Saturday, March 17, 2007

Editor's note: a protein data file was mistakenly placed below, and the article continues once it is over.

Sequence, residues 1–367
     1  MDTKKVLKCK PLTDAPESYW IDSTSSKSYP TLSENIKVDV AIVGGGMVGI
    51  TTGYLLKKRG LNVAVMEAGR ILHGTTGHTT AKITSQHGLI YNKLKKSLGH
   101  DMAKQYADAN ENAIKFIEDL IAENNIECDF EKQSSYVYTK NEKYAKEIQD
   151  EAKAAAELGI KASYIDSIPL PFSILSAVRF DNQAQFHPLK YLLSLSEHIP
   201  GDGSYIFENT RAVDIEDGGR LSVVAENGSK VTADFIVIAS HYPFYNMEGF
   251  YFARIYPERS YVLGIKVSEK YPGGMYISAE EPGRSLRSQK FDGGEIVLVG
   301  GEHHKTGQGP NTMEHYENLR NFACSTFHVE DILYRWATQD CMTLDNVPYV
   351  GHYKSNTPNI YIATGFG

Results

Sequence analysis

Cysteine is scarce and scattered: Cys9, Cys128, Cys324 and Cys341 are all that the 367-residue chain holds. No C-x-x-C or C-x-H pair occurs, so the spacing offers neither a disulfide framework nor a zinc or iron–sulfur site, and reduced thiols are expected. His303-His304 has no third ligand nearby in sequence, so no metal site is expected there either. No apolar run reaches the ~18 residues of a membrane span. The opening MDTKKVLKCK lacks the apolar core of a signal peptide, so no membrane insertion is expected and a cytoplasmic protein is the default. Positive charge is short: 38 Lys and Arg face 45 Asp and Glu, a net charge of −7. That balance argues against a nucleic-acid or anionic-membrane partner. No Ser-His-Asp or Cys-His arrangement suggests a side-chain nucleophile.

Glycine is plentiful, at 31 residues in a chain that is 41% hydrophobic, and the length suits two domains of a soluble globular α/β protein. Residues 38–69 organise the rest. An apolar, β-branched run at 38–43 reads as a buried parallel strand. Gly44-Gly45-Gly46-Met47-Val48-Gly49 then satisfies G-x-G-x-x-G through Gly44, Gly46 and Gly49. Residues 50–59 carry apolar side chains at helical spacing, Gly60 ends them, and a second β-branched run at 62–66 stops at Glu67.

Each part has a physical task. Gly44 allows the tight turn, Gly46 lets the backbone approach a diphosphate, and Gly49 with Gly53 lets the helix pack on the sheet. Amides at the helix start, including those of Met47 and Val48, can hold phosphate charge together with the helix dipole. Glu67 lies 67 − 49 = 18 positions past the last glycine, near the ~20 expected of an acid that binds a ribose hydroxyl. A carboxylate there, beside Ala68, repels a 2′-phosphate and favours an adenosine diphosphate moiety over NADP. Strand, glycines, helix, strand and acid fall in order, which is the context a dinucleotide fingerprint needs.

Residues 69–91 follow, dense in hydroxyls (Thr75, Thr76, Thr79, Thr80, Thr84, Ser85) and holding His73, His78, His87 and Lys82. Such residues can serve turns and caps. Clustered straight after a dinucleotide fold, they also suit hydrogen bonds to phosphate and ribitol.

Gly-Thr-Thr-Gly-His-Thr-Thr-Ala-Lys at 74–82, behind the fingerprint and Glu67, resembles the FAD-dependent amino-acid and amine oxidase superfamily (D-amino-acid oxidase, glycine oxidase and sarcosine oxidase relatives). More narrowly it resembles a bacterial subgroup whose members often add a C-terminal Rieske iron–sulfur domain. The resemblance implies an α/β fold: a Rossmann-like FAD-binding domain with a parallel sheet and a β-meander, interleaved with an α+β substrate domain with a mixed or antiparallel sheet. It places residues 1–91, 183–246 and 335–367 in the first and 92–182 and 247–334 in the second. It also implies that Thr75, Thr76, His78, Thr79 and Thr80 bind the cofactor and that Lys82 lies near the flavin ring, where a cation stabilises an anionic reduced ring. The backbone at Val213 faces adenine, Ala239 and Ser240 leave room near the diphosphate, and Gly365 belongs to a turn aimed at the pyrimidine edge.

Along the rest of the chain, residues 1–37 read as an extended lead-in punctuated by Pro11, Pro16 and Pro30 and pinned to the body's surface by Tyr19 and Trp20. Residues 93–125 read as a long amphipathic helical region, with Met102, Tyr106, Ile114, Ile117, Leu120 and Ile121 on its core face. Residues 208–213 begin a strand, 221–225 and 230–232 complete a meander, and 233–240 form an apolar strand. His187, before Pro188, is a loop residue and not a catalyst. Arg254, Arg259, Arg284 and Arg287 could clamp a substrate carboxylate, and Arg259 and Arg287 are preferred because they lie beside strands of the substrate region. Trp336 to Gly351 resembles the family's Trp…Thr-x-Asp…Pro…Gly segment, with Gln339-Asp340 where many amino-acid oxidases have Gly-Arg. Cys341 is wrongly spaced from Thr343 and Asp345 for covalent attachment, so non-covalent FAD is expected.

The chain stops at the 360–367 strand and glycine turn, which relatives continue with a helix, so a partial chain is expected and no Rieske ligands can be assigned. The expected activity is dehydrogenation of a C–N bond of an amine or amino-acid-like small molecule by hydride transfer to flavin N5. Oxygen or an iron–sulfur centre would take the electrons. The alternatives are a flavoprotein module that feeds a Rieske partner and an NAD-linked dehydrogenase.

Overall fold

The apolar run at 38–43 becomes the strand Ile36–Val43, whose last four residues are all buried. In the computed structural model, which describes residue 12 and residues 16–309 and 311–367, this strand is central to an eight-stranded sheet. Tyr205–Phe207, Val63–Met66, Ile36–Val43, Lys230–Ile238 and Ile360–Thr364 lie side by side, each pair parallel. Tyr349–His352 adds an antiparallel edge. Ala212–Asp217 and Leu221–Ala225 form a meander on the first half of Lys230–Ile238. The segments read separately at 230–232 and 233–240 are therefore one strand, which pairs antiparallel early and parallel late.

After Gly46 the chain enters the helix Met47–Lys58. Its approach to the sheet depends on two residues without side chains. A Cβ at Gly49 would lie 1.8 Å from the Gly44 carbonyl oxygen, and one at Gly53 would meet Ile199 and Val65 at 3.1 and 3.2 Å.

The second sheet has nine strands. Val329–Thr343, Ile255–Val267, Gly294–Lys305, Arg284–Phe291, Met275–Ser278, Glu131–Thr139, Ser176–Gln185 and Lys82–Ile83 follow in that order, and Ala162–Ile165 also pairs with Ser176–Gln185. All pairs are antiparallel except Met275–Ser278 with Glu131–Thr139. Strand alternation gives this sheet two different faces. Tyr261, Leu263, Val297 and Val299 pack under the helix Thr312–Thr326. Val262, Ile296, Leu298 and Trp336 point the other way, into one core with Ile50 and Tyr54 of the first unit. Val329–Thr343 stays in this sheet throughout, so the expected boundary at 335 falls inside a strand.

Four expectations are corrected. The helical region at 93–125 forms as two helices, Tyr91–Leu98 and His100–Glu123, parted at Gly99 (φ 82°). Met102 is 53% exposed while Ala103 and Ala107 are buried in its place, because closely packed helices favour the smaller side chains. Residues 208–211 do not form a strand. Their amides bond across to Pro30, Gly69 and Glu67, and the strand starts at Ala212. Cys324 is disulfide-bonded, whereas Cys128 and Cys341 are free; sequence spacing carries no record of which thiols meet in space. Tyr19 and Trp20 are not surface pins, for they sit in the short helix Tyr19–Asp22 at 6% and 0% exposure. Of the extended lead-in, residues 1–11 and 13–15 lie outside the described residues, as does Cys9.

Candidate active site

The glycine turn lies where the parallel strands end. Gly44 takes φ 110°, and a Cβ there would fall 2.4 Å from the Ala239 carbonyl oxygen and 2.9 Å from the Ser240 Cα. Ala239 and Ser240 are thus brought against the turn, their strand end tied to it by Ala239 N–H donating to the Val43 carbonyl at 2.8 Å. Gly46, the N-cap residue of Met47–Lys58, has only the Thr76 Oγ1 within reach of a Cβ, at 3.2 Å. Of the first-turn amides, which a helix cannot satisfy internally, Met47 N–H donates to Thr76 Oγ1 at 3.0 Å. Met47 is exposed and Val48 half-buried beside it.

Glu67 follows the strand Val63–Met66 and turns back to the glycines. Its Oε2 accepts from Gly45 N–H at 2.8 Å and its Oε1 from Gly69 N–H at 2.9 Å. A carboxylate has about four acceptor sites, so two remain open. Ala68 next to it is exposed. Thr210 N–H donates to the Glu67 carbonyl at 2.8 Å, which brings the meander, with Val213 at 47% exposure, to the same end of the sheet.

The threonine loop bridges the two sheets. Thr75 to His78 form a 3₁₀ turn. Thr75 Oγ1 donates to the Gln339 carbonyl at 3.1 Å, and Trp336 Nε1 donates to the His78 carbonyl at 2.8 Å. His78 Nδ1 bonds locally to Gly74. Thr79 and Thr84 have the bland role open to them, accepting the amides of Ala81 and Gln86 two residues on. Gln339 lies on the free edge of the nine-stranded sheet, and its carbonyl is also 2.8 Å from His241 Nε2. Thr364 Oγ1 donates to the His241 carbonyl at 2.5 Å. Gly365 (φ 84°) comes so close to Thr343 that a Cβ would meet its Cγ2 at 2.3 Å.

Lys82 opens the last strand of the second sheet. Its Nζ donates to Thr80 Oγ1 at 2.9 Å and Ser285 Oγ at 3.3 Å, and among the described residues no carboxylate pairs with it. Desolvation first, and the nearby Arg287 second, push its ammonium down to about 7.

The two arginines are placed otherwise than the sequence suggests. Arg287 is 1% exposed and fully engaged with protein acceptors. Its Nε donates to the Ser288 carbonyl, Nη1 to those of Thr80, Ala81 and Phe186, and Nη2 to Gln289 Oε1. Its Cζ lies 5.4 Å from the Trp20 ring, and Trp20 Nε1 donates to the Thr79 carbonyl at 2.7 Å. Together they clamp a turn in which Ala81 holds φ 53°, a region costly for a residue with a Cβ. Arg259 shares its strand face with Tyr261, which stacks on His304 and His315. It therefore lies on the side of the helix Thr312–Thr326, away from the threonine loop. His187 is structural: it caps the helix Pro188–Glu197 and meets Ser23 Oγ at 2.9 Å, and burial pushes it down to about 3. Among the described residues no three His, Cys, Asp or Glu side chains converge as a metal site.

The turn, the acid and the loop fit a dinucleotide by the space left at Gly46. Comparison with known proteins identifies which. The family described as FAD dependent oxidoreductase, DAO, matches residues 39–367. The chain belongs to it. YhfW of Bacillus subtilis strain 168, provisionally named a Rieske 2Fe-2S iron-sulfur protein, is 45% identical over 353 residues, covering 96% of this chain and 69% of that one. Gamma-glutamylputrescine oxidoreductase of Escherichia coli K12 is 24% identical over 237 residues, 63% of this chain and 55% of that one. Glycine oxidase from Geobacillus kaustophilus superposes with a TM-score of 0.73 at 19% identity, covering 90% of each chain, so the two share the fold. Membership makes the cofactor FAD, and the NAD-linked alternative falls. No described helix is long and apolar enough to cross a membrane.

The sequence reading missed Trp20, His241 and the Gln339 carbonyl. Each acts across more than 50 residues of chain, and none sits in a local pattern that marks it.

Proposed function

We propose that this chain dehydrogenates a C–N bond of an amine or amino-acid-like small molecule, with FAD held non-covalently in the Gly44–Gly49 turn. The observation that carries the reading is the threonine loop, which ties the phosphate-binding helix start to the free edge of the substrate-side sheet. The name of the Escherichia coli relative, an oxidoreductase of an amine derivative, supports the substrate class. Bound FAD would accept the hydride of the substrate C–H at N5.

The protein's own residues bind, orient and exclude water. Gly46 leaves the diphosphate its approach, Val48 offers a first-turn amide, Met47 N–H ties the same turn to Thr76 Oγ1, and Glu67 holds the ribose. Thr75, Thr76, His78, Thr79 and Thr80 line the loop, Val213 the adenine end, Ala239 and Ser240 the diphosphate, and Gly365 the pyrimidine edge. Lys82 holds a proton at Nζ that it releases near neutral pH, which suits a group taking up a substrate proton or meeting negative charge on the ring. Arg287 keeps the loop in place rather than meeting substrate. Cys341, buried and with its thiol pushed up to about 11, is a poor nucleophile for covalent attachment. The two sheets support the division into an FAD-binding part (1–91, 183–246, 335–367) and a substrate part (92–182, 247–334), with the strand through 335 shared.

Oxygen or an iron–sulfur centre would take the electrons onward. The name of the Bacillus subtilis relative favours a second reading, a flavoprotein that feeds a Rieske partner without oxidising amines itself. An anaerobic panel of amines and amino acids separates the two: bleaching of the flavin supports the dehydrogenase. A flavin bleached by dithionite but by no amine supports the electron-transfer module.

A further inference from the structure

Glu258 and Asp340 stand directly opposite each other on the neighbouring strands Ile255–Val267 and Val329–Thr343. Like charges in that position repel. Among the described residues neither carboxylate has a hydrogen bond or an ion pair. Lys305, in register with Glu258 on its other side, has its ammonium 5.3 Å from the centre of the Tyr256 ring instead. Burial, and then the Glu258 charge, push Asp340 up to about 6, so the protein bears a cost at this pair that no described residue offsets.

One year ago (again)